Ferocious. Tough. Fair ... all capable of describing boxing Hall of Famer and longtime referee Mills Lane, who died at the age of 85 on Tuesday after his significant decline in health.
Lane had been under care at a hospice for the past week, as reported by the Reno Gazette-Journal, leading up to his passing.
News of his death was announced by son Tommy Lane, who noted that Mills died peacefully in the company of his family.
"He took a significant decline in his overall situation," Lane announced on Tuesday. "It was a quick departure. He was comfortable and he was surrounded by his family."
You never knew how long he had. We kind of felt like we were preparing for this all along., but there's no such thing as preparing for this."
Mills Lane: The Man Who'd Done It All, Then Some
A U.S. Marine in 1957; professional boxing ref from 1971 to 1998; prosecutor, judge and elected district attorney in the 80s and 90s; as well as featured TV judge and animated ref on Celebrity Deathmatch.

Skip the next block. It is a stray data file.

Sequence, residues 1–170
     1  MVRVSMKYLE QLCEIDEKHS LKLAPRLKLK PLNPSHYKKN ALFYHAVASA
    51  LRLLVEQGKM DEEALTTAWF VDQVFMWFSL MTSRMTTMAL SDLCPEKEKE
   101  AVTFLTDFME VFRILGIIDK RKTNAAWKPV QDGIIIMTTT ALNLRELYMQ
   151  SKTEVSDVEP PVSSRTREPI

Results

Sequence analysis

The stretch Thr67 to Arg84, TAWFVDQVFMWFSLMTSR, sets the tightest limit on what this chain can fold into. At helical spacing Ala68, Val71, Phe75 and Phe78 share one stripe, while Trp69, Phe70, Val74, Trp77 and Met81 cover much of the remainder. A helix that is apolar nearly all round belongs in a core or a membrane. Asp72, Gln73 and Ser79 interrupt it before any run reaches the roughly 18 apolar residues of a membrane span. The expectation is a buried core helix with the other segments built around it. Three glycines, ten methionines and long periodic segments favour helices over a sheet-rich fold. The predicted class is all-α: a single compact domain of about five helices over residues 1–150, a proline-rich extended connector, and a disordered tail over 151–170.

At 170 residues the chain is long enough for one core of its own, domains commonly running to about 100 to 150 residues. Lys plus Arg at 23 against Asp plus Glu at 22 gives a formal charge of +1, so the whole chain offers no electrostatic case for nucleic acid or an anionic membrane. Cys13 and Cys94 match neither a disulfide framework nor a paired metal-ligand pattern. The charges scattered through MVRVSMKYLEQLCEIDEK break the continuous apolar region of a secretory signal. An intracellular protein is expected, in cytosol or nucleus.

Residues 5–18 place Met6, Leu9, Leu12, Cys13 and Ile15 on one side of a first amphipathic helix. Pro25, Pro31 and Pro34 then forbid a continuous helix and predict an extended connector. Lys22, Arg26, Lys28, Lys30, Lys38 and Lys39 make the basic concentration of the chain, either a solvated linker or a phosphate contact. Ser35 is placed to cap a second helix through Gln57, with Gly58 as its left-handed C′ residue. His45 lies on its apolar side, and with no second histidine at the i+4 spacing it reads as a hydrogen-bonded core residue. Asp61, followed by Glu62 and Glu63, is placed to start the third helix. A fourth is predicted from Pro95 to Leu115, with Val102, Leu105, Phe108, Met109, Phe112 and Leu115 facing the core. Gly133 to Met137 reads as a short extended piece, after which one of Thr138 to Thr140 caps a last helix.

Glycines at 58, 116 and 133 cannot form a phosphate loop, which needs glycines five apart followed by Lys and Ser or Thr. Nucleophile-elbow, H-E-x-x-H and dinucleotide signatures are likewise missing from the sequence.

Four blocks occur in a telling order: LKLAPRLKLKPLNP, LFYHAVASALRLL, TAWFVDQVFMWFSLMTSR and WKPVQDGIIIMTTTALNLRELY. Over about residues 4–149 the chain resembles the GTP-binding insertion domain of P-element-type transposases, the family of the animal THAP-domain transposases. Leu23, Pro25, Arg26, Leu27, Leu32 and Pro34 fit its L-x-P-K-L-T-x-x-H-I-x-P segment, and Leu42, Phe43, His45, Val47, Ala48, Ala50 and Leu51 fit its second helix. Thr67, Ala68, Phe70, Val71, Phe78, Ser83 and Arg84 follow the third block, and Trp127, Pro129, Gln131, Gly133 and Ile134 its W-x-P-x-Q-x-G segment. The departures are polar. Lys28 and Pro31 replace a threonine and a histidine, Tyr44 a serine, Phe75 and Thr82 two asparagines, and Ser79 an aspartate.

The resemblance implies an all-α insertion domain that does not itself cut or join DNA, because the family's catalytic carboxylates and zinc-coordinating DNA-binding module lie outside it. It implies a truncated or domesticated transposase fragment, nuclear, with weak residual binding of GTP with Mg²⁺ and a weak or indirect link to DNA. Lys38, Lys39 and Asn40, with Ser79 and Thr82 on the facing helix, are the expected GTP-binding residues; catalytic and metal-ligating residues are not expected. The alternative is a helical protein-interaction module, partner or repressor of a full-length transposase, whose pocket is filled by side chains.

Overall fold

No lane was too far for Mills to cross into — a versatility that enriched his legacy.
Lane's health took a dip after a massive stroke in 2002.
His legacy wears more than one identity for the protean, Savannah-born Lane — always managing to be at the center of a front-page-worthy story.
The infamous fight between Mike Tyson and Evander Holyfield in 1997, which included Holyfield getting a chunk of his ear bitten off, became the most prominent story that included Lane in the picture.
As crowds booed the referee for his stoppage after Tyson went for the second bite on EH, Lane held his ground before the critics.
"How many times do you want him to get bit?" Lane fiercely answered before reporters. "There's a g*dd*mn limit to everything, ya know, including bites."
After selling his history-making referee's shirt from the "Bite Fight," Lane joked that he would've auctioned it for a higher price if able to relive the event.
Lane had sold the rights to his shirt one hour before the Holyfield-Tyson fight to a Canadian man for $200.
''What I should've done was hold my shirt up and start the bidding at $200,'' Lane said, as relayed by The New York Times. ''I could've probably gotten $4,000 for it, but, oh well, I'd given the man my word.''
Rest in Peace